8. The Mean­ing of Quan­tum Me­chan­ics

En­gi­neers tend to be fairly mat­ter-of-fact about the physics they use. Many use en­tropy on a daily ba­sis as a com­pu­ta­tional tool with­out wor­ry­ing much about its vague, ab­stract math­e­mat­i­cal de­f­i­n­i­tion. Such a prac­ti­cal ap­proach is even more im­por­tant for quan­tum me­chan­ics.

Fa­mous quan­tum me­chan­ics pi­o­neer Niels Bohr had this to say about it:

“For those who are not shocked when they first come across quan­tum the­ory can­not pos­si­bly have un­der­stood it.” [Niels Bohr, quoted in W. Heisen­berg (1971) Physics and Be­yond. Harper and Row.]

Feyn­man was a Cal­tech quan­tum physi­cist who re­ceived a No­bel Prize for the cre­ation of quan­tum elec­tro­dy­nam­ics with Schwinger and Tomon­aga. He also pi­o­neered nan­otech­nol­ogy with his fa­mous talk “There's Plenty of Room at the Bot­tom.” About quan­tum me­chan­ics, he wrote:

“There was a time when the news­pa­pers said that only twelve men un­der­stood the the­ory of rel­a­tiv­ity. I do not be­lieve there ever was such a time. There might have been a time when only one man did, be­cause he was the only guy who caught on, be­fore he wrote his pa­per. But af­ter peo­ple read the pa­per, a lot of peo­ple un­der­stood the the­ory of rel­a­tiv­ity in some way or other, cer­tainly more than twelve. On the other hand, I think I can safely say that no­body un­der­stands quan­tum me­chan­ics.” [Richard P. Feyn­man (1965) The Char­ac­ter of Phys­i­cal Law 129. BBC/Pen­guin.]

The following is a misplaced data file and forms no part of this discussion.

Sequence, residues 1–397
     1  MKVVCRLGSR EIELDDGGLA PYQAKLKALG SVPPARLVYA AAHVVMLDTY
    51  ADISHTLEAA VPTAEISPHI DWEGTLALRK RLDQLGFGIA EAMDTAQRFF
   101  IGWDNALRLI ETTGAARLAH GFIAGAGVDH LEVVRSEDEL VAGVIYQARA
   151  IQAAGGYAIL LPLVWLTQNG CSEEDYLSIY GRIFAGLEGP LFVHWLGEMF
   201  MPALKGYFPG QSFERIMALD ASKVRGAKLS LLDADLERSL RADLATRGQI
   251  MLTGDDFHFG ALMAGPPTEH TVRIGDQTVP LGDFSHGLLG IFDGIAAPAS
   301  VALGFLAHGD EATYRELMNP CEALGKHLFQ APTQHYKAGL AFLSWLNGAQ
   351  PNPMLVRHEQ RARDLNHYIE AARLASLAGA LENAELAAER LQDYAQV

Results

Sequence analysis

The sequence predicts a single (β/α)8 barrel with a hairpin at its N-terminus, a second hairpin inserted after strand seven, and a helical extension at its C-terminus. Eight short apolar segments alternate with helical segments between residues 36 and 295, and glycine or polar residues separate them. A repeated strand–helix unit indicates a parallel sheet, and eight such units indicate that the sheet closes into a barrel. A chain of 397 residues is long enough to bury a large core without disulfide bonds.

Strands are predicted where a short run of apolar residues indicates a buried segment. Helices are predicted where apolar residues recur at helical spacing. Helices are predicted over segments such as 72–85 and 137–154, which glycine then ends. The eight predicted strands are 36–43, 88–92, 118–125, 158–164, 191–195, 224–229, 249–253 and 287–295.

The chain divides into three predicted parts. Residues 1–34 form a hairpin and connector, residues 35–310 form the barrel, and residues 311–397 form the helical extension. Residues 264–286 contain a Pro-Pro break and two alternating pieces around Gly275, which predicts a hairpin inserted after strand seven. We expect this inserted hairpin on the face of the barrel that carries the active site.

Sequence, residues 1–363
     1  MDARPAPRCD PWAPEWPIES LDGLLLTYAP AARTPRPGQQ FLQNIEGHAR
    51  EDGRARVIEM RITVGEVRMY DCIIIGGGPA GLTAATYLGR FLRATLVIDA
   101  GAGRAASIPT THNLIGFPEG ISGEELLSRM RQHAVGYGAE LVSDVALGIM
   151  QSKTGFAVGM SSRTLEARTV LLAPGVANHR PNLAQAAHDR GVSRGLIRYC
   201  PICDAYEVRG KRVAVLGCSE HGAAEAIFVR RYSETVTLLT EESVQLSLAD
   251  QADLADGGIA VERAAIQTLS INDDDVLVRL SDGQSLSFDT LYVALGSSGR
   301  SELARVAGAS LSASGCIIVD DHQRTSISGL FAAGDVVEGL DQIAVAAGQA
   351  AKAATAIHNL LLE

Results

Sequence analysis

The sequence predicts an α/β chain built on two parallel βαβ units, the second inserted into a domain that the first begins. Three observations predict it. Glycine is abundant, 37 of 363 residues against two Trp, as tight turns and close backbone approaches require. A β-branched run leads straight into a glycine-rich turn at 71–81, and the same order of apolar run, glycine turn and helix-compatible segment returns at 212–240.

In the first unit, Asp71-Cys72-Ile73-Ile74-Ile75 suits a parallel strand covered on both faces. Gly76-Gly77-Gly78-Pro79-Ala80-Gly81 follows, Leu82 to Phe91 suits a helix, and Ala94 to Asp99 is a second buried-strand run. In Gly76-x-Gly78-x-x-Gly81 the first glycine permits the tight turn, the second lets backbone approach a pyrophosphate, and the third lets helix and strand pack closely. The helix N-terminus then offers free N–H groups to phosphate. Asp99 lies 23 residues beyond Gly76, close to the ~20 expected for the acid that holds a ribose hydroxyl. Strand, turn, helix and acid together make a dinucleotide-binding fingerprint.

Still, say­ing that quan­tum me­chan­ics is un­un­der­stand­able raises the ob­vi­ous ques­tion: “If we can­not un­der­stand it, does it at least seem plau­si­ble?” That is the ques­tion to be ad­dressed in this chap­ter. When you read this chap­ter, you will see that the an­swer is sim­ple and clear. Quan­tum me­chan­ics is the most im­plau­si­ble the­ory ever for­mu­lated. No­body would ever for­mu­late a the­ory like quan­tum me­chan­ics in jest, be­cause none would be­lieve it. Physics ended up with quan­tum me­chan­ics not be­cause it seemed the most log­i­cal ex­pla­na­tion, but be­cause count­less ob­ser­va­tions made it un­avoid­able.